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Senator proposes ‘high-risk population’ charter school to serve foster kids, homeless students

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Senator proposes ‘high-risk population’ charter school to serve foster kids, homeless students

Feb 22, 2024 | 6:00 am ET
By Amelia Ferrell Knisely
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Senator proposes ‘high-risk population’ charter school to serve foster kids, homeless students
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Sen. Patricia Rucker, R-Jefferson, sponsored Senate Bill 860, which would create a “high-risk population” charter school to serve students who have faced serious discipline, as well as children who are homeless and in foster care. (Will Price | West Virginia Legislative Photography)

A senator has suggested building a “high-risk population” charter school to serve students who have faced serious discipline. It would also be open to vulnerable students in foster care and those who are experiencing homelessness.

The measure, Senate Bill 860, would create the charter school within a public high school. Students couldn’t be sent there; they would have to apply for enrollment.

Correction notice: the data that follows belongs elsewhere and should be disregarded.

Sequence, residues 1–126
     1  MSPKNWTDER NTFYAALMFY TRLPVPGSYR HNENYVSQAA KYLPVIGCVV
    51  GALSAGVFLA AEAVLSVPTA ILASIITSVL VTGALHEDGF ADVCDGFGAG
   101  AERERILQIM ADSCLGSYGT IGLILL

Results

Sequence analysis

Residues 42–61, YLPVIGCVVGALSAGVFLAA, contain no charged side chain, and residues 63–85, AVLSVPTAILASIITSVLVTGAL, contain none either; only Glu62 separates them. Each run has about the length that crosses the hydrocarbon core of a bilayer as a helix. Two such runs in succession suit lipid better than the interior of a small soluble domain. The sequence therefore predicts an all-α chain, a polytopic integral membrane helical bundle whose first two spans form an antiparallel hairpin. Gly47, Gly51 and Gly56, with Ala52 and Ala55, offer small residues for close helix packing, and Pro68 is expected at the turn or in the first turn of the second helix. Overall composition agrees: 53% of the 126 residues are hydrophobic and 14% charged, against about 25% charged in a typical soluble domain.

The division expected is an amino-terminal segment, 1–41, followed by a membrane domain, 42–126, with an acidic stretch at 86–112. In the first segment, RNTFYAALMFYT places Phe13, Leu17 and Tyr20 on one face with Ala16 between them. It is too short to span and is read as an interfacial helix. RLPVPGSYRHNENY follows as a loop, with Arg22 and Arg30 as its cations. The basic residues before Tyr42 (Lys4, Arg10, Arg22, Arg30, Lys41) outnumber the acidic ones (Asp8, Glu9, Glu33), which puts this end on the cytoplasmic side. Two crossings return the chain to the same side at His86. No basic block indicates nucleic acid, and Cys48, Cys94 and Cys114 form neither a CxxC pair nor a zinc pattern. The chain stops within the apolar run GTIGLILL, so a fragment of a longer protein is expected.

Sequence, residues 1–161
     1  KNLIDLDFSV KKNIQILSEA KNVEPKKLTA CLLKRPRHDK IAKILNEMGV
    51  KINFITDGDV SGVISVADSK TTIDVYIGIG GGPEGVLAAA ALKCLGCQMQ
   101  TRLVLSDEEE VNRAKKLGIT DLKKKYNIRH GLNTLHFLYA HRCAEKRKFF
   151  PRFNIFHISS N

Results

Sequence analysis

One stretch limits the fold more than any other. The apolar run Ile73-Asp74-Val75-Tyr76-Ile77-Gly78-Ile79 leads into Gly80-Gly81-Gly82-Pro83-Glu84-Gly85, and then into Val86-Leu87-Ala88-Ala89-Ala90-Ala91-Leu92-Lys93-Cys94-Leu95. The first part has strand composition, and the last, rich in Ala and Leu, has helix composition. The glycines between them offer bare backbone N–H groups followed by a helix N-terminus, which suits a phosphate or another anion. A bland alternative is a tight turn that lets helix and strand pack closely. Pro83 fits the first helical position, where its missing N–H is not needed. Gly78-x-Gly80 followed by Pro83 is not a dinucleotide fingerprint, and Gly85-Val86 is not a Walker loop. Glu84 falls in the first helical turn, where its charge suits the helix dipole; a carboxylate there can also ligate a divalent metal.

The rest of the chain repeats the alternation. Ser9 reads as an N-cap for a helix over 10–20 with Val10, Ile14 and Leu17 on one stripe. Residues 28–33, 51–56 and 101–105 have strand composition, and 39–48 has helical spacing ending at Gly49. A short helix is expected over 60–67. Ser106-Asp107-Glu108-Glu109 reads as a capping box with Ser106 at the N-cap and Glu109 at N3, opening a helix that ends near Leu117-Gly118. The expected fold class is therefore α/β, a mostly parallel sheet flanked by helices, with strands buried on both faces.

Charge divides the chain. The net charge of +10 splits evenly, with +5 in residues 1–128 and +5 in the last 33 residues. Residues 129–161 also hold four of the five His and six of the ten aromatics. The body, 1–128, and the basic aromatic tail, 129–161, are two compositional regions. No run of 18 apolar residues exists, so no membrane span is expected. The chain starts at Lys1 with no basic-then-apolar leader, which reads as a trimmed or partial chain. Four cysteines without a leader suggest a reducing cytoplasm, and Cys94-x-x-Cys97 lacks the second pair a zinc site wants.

Bill sponsor Sen. Patricia Rucker, R-Jefferson, said she hoped this model would encourage public school systems that have overcrowded classrooms to better help struggling students.

“The focus is on this community that needs a little bit more individualized instruction, smaller class sizes … sometimes just greater flexibility,” said Rucker, who added that she had visited similar schools in Georgia and Arizona.

“It just blew me away how amazing they’re handling this very challenging population in a very efficient manner. These students are getting the help they need.”

The Senate Committee on School Choice signed off on the legislation on Wednesday.

Sen. Robert Karnes, R-Randolph, supported the bill. 

“There are a lot of different reasons why people don’t do well in public school. There could be problems with drugs or a problem with pregnancy,” he said. “Offering people an alternative — whether it’s this or the school choice stuff we’ve done — is the best way we can possibly serve the kids of West Virginia.”

The bill said the following students would be eligible to attend the charter school: students who have been suspended more than 10 days in a school year; students who are habitually truant; wards of the court or dependents of the court; foster youth; and homeless youth.

The committee did amend the bill to remove pregnant students after Sen. Donna J. Boley, R-Pleasants, raised concerns about grouping pregnant students among those eligible. 

Public schools wishing to open a high-risk population public charter would have to obtain approval from the Charter School Board.

There are currently five charter schools in West Virginia.

The bill will head to the Senate Finance Committee for consideration. The bill did not outline how the proposed charter school would be funded.